Wayne Hopkins: I think my advice to other people starting off and realising that they may have post-traumatic stress disorder is to acknowledge that you can't beat it. When I was diagnosed with PTSD, I...I truly believed that everybody else had a problem and not me. You have got to acknowledge what that is and then work with it.

Wayne Hopkins: My message to students about resilience is never give up. There's always a way around a problem and a solution only just needs to be found. My motivation would be to keep on trying new things, improving myself and moving forward.

Cindy Hopkins: It may take some time, however he has always been able to find something in himself that gives him purpose to get up and do something.

Wayne Hopkins: It's unfortunate that when we leave Defence, we fall into a very deep hole of solitude.

Cindy Hopkins: He's assimilating back into society as a whole and, for me, that is the most exciting prospect.

Wayne Hopkins: Some of the things that I'm looking at doing is...learning how to instruct adaptive snow skiing for people who are either autistic or have physical capabilities.

Cindy Hopkins: He is starting to widen his circles of friends.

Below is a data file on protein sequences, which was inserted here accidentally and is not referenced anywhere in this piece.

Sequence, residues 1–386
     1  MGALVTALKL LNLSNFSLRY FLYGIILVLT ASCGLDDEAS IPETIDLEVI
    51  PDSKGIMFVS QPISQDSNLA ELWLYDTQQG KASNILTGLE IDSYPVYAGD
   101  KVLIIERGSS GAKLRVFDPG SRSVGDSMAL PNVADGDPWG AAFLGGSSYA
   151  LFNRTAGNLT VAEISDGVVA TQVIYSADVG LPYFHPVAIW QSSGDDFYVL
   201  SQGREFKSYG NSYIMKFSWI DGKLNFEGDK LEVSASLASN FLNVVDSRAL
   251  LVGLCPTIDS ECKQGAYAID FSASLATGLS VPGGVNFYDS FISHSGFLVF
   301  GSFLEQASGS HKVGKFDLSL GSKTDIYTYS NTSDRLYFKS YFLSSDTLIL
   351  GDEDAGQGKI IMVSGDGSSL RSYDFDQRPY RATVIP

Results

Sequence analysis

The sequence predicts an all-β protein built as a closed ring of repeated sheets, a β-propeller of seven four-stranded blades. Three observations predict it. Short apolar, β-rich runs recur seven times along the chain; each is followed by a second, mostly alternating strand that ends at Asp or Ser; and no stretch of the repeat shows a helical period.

Wayne Hopkins: I race at local clubs and I'll be encouraging other people to get into that sport as well.

Cindy Hopkins: The quiet confidence that that builds in him is amazing to watch.

Wayne Hopkins: And that's something that I've not felt from outside my family for a very long time. Yeah, when people ask me who is my hero, the first person that comes to mind for me is my wife, Cindy. We've been married for over 25 years now. She's seen me from before I joined the Air Force till after I've discharged. She's been extremely supportive through all of my career, all of my rehabilitation and without her strength and support, I don't think that I'd be where I am today.

Cindy Hopkins: Quality of life after an injury is massive and people sometimes need a bit of help with that.
Wayne Hopkins: I think without that level of support, I probably would have just stayed at home and did what I normally did, which was try not to communicate with other people.

Cindy Hopkins: We had to readjust and that's what you do in life.

Wayne Hopkins: Resilience is a very important aspect of human nature.

Cindy Hopkins: You're more than what your role is. You can always find another role.

Wayne Hopkins: And all of the network we had when we were at work doesn't exist anymore. We rely heavily on our family to move forward.

Cindy Hopkins: [SIGHS] He picks himself up.